The Mystery of the Missing Money
The Federal Reserve tells us that more than $1.2 trillion worth of paper money is in circulation. In fact, there is $3774 in cash for every American. But we only know where roughly 15 percent of that money is—in banks or in regular, everyday circulation in the United States. The other 85 percent of the United States currency supply is simply missing. No one knows for sure where it is or what it's doing. "We call this the currency enigma," said Edgar Feige, an economics professor emeritus, in an interview with American Public Media’s Marketplace. "It’s hard to figure out where this currency is and why so much of it is out there."
There are some good guesses, but no certainties. And those possibilities tell us something about how our economy—and the world's—really works.
The shadow economy
A chunk of the money is probably used in illegal transactions. This shadow economy is enabled by cash, which is generally the most anonymous method of payment. Economists like Feige put the size of the shadow economy—which includes drugs, prostitution and various other misdeeds—at hundreds of billions of dollars. At certain points, that has accounted for more than 20 percent of the country’s adjusted gross income.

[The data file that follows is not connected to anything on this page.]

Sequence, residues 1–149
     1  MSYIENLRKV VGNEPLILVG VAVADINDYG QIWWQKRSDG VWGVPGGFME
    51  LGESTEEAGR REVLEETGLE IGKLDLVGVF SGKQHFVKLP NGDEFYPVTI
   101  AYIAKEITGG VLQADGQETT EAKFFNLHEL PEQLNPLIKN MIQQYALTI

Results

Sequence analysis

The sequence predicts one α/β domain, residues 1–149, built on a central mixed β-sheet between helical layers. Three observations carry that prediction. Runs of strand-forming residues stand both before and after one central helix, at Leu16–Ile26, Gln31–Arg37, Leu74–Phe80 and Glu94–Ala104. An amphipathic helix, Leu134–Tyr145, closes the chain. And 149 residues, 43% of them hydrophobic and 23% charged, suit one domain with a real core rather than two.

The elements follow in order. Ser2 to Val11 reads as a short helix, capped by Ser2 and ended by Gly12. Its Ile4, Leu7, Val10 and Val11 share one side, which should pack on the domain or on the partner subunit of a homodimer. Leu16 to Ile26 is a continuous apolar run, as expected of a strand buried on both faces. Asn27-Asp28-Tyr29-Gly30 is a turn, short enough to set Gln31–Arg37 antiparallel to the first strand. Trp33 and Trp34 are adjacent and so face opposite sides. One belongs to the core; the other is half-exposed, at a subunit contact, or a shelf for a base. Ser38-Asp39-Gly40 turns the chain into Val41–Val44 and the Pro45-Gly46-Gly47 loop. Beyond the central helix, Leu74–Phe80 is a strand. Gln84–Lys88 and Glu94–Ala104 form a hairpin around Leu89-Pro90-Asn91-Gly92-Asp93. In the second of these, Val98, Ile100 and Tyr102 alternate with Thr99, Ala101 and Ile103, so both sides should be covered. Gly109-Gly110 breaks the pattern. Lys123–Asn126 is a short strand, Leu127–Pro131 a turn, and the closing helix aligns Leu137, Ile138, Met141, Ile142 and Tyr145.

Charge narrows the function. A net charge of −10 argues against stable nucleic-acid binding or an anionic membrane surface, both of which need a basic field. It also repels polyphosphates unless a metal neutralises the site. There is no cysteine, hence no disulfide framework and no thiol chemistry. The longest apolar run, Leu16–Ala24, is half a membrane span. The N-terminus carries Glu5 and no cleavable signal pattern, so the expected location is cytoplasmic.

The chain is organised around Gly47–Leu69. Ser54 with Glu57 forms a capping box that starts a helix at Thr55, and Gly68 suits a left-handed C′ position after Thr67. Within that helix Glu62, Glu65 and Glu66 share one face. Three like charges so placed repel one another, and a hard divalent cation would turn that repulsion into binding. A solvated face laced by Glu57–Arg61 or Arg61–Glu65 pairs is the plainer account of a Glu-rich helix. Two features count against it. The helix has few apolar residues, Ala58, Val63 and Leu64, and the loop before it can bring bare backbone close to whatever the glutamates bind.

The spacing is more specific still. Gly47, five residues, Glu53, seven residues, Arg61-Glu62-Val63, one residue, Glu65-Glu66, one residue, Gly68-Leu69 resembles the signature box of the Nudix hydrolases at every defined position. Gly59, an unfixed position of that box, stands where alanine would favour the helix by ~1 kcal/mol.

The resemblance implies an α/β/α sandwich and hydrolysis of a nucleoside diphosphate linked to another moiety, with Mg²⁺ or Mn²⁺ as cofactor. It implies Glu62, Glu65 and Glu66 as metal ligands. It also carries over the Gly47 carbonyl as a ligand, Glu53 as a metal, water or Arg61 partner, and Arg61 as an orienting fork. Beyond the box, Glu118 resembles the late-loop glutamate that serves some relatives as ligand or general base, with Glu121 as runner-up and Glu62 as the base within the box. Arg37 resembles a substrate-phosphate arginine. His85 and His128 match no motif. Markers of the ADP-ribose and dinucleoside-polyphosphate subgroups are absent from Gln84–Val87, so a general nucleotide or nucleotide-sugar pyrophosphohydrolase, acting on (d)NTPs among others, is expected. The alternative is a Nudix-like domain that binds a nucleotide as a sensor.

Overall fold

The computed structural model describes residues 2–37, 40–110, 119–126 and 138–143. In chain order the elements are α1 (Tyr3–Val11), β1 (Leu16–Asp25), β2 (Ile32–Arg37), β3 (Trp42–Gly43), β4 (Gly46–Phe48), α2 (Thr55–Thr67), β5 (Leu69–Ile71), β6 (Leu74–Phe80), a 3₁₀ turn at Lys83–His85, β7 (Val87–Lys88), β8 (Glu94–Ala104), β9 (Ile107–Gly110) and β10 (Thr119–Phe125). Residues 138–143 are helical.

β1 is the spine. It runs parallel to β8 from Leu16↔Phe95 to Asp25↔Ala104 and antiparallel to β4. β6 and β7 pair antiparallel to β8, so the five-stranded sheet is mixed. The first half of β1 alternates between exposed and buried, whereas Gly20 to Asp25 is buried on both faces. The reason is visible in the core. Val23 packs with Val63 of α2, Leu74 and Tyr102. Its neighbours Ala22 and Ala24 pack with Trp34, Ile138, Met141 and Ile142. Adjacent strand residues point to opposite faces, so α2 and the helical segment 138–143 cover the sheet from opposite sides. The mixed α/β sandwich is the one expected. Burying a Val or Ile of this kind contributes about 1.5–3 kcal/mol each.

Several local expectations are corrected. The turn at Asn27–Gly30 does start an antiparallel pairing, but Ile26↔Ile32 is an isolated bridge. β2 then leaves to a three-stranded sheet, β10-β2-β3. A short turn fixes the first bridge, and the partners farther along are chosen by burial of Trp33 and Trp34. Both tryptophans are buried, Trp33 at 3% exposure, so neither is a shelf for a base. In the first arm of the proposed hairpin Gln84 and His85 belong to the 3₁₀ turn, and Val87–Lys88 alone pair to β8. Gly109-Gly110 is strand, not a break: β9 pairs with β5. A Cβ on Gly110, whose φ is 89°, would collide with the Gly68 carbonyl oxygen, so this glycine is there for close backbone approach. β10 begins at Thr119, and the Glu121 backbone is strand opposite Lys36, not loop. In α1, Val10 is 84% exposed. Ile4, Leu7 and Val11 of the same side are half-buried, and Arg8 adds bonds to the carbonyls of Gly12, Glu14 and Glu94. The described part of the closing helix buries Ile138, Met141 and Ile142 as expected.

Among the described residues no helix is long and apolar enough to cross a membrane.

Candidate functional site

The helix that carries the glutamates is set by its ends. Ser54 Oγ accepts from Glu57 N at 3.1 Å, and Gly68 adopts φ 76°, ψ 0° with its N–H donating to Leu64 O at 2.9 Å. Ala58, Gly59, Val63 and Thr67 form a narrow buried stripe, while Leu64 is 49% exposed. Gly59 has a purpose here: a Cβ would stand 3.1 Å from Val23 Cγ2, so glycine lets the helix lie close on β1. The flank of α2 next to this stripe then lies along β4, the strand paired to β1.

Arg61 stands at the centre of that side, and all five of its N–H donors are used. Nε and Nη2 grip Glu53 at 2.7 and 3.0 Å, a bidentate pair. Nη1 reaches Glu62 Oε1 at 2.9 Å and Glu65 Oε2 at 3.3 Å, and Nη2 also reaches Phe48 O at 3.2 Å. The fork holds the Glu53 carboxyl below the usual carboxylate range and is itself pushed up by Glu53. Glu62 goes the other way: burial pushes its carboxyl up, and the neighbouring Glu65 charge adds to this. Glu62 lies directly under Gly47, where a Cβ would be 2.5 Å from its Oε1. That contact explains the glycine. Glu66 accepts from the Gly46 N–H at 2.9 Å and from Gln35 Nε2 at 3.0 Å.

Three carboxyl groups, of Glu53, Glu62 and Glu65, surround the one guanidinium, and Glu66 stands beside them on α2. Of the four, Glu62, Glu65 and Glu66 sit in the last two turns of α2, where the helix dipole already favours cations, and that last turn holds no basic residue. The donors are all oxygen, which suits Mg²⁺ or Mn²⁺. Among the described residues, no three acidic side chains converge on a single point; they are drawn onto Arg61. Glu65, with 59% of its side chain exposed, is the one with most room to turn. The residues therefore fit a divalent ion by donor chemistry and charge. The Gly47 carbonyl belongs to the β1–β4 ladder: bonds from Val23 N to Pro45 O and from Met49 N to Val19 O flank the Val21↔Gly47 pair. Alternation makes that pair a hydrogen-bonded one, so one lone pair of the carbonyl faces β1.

But this doesn’t mean that all of the missing money goes into the shadow economy—after all, currency can be used again and again as it passes from person to person. That leads some economists to theorize that a relatively small percentage of the missing currency (less than 10 percent) is part of the black market.
The overseas equation
So where’s the rest of it? Much—if not most—of the money is probably overseas. U.S. bills are still seen around the world as some of the most stable and reliable currency available. So vast quantities of cash are hidden away for a rainy day (some $80 billion in Russia alone).
That’s not necessarily a bad thing. Think of it this way: If someone holds onto U.S. currency, they’re essentially giving the Federal Reserve free money. This concept is called seigniorage, and it’s a bit complicated to explain. Here’s the basic idea: The Fed creates money by buying government bonds from banks. As people demand more dollars—and hold onto them—the Fed buys more bonds to increase the supply. But those bonds earn interest, which means our central bank pockets billions of dollars in pure profit each year.
The Fed scrambles
All of this means that the Federal Reserve has a balancing act on its hands. It has to bring new money into circulation (since that earns it sweet, sweet moolah), but the bank also wants to to keep U.S. currency from being mainly used by gamblers and drug smugglers. In the 1960s, we stopped printing $500 and $1000 bills, as they were almost exclusively used illegally. These days, there's been criticism of the $100 bill for just the same reason. Believe it or not, there are more $100 bills in circulation than $20 bills!
The Fed also wants to make sure that the bills are as secure as possible—the demand makes the $100 an attractive target for counterfeiters. That’s why the $100 was redesigned just this year.